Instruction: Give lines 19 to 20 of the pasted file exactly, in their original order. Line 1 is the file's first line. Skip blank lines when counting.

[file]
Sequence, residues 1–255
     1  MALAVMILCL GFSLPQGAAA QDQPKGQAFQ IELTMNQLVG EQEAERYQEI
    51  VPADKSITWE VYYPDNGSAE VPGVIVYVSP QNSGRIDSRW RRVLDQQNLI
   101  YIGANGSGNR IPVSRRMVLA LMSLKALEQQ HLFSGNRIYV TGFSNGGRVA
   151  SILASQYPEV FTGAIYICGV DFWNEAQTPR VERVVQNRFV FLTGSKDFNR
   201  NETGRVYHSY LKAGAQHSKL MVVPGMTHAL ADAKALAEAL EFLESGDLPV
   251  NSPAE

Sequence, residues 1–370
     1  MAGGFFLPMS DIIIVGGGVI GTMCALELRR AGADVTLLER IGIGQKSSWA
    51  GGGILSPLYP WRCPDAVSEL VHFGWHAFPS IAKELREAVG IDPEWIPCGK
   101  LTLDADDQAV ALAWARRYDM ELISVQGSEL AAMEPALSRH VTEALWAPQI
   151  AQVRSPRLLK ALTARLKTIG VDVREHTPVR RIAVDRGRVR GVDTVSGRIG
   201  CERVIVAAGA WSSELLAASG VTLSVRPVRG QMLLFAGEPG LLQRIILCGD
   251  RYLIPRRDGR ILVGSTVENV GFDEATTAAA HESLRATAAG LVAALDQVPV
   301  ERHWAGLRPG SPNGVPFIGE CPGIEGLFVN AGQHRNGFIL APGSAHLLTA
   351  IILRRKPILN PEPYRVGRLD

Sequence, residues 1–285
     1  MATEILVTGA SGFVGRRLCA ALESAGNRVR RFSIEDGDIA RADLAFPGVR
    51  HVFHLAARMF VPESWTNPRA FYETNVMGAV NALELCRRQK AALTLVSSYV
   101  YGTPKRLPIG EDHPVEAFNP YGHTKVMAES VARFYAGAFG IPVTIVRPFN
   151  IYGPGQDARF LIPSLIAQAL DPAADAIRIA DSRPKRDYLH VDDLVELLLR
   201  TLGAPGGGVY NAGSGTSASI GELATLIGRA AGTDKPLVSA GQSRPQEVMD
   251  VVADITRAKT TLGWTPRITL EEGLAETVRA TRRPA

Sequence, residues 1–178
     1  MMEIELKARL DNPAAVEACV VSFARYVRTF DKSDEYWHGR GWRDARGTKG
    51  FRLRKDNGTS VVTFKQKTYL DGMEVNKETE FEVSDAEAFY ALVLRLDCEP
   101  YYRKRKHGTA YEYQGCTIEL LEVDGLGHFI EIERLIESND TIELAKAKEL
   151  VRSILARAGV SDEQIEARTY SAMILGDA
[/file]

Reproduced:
    51  HVFHLAARMF VPESWTNPRA FYETNVMGAV NALELCRRQK AALTLVSSYV
   101  YGTPKRLPIG EDHPVEAFNP YGHTKVMAES VARFYAGAFG IPVTIVRPFN